Much work needs to be done on solar system stabilities, because it is required firstly to know what scenarios are stable and those which are not.
The second question is the number of rouge planets wandering between stars. If they are turfed out in large numbers by binary and multiple star systems, their numbers may be even larger than attached planets orbiting stars.
Spectroscopy can sometimes tell you if there’s a close binary companion, even if it is not resolvable. See whether the the spectrum of the star has a fainter spectrum of another star superimposed on it. Of course, it is very difficult sometimes to make sense of the jumble of spectral lines.
Actually, the reverse is true. Most of the close binaries are of similar mass and size. The close proximity often means the main spectral lines (sometimes as emission lines) are visible, but the gas surrounding both stars haze-out the fainter ones. We have detected about 2000 spectroscopic binaries, and a fair portion of those are visual or speckle systems. A few are eclipsing binaries.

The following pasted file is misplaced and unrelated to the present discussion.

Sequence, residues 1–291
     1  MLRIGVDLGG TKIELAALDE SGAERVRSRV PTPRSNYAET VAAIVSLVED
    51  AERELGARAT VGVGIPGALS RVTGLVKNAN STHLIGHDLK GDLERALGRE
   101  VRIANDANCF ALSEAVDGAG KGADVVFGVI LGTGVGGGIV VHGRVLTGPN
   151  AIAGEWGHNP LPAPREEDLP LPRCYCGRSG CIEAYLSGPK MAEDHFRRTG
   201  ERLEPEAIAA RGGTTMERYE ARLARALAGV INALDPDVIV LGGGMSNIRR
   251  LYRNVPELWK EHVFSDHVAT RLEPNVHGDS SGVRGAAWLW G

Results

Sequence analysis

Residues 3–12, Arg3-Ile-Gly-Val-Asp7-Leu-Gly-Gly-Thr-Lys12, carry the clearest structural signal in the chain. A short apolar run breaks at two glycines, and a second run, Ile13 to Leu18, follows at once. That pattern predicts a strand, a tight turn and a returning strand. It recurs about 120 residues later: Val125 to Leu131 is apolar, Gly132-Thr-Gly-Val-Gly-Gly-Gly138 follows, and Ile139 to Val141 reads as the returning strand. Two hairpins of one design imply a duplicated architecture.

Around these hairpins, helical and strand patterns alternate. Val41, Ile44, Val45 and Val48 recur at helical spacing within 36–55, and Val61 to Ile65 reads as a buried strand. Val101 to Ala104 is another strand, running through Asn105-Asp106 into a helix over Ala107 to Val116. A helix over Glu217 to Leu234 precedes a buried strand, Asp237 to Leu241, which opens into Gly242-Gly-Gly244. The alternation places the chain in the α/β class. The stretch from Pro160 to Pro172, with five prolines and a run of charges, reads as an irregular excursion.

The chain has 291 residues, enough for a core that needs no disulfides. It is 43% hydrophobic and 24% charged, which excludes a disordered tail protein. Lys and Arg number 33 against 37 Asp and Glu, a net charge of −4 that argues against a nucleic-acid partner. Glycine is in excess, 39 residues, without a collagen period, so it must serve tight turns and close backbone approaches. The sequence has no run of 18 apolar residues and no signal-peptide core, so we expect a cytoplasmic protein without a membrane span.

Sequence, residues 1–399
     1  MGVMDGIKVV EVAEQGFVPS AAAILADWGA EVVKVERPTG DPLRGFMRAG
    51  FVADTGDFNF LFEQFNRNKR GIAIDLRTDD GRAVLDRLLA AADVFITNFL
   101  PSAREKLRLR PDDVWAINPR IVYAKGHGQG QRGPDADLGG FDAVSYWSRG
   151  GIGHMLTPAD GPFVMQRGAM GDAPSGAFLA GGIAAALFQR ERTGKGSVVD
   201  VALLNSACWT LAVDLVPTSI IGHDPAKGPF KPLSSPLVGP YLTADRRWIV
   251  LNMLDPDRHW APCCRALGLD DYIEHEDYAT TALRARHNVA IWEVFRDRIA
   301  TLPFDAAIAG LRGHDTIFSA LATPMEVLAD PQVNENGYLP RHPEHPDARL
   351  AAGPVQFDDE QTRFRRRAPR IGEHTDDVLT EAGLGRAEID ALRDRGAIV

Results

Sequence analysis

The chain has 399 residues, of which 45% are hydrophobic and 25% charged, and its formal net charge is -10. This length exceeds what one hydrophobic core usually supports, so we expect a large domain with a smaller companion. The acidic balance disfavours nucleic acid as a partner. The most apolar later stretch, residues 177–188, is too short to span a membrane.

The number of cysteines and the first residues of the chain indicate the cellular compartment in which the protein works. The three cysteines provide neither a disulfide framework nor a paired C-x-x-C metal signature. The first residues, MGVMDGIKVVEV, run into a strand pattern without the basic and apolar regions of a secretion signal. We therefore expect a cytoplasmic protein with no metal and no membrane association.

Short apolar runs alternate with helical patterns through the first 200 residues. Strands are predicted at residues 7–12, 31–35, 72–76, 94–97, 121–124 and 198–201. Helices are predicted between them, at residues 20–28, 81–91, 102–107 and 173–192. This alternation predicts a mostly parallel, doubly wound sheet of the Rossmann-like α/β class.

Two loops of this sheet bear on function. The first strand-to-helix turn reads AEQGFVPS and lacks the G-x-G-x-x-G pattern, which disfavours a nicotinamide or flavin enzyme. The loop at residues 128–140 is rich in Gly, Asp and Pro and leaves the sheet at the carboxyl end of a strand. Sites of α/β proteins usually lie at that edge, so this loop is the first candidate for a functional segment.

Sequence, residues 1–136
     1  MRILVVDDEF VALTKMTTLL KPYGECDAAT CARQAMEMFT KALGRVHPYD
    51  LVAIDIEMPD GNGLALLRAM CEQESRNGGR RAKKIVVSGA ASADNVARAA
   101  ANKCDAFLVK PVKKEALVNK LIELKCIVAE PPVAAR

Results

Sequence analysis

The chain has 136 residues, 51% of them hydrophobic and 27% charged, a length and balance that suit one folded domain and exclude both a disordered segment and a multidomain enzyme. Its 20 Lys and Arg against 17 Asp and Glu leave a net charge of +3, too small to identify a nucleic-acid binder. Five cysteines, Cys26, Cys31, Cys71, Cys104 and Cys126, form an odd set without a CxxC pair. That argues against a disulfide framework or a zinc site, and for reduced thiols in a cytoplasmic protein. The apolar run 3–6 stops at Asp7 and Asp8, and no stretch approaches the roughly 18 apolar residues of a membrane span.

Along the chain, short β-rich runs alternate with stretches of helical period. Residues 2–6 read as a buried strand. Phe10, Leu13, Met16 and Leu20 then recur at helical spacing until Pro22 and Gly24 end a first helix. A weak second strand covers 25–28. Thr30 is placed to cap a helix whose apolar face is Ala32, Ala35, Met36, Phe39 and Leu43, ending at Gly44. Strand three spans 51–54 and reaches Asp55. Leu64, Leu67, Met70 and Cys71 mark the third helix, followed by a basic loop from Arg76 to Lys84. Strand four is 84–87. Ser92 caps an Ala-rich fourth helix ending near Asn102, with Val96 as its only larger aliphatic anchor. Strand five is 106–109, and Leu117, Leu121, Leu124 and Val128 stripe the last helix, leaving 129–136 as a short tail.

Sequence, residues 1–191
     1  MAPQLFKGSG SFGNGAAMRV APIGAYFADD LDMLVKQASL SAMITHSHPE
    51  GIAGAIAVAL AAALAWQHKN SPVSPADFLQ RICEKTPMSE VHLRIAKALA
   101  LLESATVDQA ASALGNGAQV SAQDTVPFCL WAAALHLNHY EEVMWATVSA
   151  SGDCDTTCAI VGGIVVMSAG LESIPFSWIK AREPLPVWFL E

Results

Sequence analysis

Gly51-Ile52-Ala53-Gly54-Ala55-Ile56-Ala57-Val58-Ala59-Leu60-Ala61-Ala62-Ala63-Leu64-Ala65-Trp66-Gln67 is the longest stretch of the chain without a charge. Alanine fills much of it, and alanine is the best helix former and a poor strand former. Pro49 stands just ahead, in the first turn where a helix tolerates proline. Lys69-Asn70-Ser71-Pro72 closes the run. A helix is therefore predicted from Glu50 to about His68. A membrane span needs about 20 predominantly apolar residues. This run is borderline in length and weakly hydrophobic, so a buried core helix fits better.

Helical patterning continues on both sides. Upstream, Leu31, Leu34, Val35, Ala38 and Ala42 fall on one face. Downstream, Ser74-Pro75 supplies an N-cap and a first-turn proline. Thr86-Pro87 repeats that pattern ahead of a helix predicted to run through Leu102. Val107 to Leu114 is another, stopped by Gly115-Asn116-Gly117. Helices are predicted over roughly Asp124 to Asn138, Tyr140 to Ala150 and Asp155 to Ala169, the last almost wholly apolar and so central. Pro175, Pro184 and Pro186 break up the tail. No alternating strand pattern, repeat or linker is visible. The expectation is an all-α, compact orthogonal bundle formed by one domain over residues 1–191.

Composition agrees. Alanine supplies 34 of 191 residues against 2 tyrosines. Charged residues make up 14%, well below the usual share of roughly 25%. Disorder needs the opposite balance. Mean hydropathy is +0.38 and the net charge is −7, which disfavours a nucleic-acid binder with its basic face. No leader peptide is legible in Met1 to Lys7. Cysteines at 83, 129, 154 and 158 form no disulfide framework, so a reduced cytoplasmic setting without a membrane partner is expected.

Really most of the close binaries we observe are found as eclipsing binaries. Many do have more distant companion(s), making them triples or multiples.
In this story, why we are interested in spectroscopy is to measure the radial velocities of the two in the orbits. From the patterns in these radial velocities over time suggests another body is causing unexplained or unusual deviations from the orbital behaviour of the two stars. This is not exactly an easy task!
And then there was no longer such a thing as a ‘hot Jupiter’.
Joking of course — would be fun though. ;D